On 26 June 2018, the Minister for Justice announced that the Government appointed Mr. Drew Harris to the position of Garda Commissioner for a period of 5 years.
The Authority has a similar function with regard to the appointment of a person to the rank of Deputy Commissioner.
What role does the Policing Authority have in the appointment of Assistant Commissioners, Chief Superintendents and Superintendents?
Under the Garda Síochána Act 2005 (as amended) and with effect from 1 January 2017, the Authority has responsibility for the appointment of persons to the ranks of Assistant Commissioner, Chief Superintendent and Superintendent, having undertaken a selection competition for the purpose.
Competitions for these three ranks were undertaken in 2017 and a panel of candidates for appointment established for each rank. The Authority has appointed 5 Assistant Commissioners, 15 Chief Superintendents and 32 Superintendents from these panels.
In 2018, competitions for the rank of Chief Superintendent and Superintendent were undertaken and panels of candidates are in place for appointment as positions arise.
What role does the Policing Authority have in the appointment of Sergeants and Inspectors?
The Authority plays a very minor role in this area. Under the Garda Síochána (Promotion) (Amendment) Regulation 2016, the Authority may appoint suitably qualified persons to serve on promotion boards for selection competitions for appointment to the ranks of Sergeant and Inspectors.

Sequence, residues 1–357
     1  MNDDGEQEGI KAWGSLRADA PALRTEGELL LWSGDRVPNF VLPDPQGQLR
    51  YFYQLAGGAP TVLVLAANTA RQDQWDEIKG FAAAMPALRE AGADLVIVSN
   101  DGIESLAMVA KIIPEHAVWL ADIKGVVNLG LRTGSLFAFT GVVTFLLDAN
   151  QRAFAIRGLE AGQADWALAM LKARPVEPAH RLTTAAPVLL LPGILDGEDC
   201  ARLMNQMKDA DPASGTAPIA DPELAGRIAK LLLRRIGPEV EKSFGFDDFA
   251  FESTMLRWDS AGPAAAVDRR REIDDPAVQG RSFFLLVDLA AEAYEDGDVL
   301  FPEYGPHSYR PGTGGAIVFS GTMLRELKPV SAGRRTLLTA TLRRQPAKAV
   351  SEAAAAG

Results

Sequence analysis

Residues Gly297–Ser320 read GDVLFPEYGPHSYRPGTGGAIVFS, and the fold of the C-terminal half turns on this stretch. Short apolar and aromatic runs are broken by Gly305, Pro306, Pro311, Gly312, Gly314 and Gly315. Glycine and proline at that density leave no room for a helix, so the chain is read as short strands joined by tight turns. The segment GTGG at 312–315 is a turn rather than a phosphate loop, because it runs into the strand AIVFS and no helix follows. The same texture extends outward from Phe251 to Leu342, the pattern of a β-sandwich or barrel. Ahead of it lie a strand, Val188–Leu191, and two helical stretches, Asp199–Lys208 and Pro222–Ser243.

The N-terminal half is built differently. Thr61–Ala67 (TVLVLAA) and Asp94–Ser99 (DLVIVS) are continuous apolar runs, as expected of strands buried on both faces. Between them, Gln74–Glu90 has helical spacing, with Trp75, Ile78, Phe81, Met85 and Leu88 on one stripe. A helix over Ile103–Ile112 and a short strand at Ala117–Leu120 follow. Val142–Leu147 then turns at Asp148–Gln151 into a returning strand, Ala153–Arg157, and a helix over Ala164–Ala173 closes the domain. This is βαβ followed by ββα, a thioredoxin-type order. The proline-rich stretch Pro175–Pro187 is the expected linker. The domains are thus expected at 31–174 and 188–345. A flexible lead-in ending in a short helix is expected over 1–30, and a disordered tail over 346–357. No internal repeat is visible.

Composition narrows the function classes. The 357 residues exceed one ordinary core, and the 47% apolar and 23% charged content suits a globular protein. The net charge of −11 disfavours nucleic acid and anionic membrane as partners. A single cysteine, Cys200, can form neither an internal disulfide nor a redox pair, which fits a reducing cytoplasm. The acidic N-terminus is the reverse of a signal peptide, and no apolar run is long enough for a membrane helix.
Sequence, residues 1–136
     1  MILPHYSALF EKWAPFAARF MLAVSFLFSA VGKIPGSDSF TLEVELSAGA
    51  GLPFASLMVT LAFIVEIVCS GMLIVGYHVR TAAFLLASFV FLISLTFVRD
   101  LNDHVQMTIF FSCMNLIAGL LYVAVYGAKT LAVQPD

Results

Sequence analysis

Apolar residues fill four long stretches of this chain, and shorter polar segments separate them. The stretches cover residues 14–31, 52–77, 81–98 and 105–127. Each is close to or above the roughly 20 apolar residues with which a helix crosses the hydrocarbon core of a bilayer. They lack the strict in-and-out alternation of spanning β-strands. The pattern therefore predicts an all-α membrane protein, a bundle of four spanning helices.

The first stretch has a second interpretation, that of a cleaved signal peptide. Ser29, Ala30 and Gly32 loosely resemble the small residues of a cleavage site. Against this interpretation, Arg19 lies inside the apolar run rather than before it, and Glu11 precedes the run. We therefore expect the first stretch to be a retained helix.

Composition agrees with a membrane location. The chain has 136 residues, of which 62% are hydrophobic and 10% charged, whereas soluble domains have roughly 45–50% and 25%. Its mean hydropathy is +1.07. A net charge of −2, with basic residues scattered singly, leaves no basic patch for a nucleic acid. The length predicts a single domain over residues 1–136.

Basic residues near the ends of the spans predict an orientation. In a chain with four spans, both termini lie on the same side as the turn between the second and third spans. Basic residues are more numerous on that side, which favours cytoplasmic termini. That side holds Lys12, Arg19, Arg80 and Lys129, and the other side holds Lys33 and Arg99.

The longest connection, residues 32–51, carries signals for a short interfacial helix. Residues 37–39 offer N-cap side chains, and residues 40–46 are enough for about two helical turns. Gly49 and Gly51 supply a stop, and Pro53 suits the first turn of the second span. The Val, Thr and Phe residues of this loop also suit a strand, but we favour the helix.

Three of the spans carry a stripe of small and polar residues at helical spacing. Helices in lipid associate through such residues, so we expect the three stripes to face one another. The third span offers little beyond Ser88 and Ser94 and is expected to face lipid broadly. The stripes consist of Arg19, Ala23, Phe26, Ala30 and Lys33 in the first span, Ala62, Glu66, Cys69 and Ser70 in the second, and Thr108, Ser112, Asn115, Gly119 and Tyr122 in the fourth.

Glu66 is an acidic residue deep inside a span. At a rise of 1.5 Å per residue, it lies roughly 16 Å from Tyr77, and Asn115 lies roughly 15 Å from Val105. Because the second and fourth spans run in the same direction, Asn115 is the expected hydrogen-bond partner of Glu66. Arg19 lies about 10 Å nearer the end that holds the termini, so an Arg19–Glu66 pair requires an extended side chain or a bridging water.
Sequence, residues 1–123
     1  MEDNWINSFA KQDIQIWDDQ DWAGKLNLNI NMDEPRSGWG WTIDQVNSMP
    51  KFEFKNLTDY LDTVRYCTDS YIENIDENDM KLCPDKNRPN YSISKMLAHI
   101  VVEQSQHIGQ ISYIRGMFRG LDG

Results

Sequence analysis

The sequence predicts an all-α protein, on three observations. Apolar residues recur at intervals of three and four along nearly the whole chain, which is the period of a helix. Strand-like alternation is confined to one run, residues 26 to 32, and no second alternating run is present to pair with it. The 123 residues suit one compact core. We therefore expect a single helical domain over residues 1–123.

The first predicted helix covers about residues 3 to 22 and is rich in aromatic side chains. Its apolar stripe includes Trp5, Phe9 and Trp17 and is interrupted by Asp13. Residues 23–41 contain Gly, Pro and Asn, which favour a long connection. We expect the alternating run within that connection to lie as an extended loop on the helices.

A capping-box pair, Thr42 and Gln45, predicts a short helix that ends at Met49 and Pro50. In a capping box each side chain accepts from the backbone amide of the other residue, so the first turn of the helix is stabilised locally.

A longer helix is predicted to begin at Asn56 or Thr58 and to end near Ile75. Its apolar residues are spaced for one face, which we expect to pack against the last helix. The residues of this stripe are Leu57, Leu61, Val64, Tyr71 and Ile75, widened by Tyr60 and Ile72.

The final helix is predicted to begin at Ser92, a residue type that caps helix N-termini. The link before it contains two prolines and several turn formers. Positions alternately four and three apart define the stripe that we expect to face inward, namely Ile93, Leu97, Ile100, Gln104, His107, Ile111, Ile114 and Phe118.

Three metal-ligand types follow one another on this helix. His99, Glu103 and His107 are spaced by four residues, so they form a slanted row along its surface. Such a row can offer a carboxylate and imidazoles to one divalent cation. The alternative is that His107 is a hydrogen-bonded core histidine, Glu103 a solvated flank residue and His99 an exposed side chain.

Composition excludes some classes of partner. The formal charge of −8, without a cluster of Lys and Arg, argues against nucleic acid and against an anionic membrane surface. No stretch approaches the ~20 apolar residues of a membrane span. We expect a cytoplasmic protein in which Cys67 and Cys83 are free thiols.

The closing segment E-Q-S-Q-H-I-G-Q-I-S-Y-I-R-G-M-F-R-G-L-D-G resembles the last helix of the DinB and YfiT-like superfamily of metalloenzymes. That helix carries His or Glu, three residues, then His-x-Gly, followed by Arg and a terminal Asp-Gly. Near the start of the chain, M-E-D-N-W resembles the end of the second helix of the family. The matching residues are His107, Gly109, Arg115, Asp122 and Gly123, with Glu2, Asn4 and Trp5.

What role does the Policing Authority have in the appointments of Garda Staff?
Senior Garda staff, at the grade of Principal Officer and above, are appointed by the Authority following appropriate civil service recruitment processes.
The Authority also has certain functions relating to the approval of numbers and grades of civilian staff recruited by the Garda Síochána under Section 19 of the Garda Síochána Act 2005 (as amended):
- 19. (1) Subject to subsection (2A), the Garda Commissioner may appoint such numbers of persons as civilian staff of the Garda Síochána as may be approved by the Authority with the consent of the Minister and the Minister for Finance.
- (2) The Garda Commissioner shall determine the grades of civilian staff and the numbers in each grade in the categories of professional, administrative and specialist staff, as may be approved by the Authority with the consent of the Minister and the Minister for Finance.
I have information on a candidate for promotion to a senior rank in the Garda Síochána. Can I share this information with the Policing Authority?
The Authority does not consider unsolicited third party submissions on candidates for promotions or appointments in the Garda Síochána.
Where are the offices of the Authority?
The offices of the Policing Authority are at 90 North King Street, Smithfield, Dublin 7, D07 N7CV and can be contacted in writing at this address or by email at firstname.lastname@example.org
Freedom of Information
Can I get help in making a request?
Yes, if you require any help the staff in FOI Unit will be happy to assist you with your request. The Unit can also provide assistance to persons with a disability to exercise their rights under the FOI Act 2014 (e.g. by accepting oral requests from requesters' who are unable to read, print and/or write due to their disability; or enabling the requester to inspect or have records explained to him/her).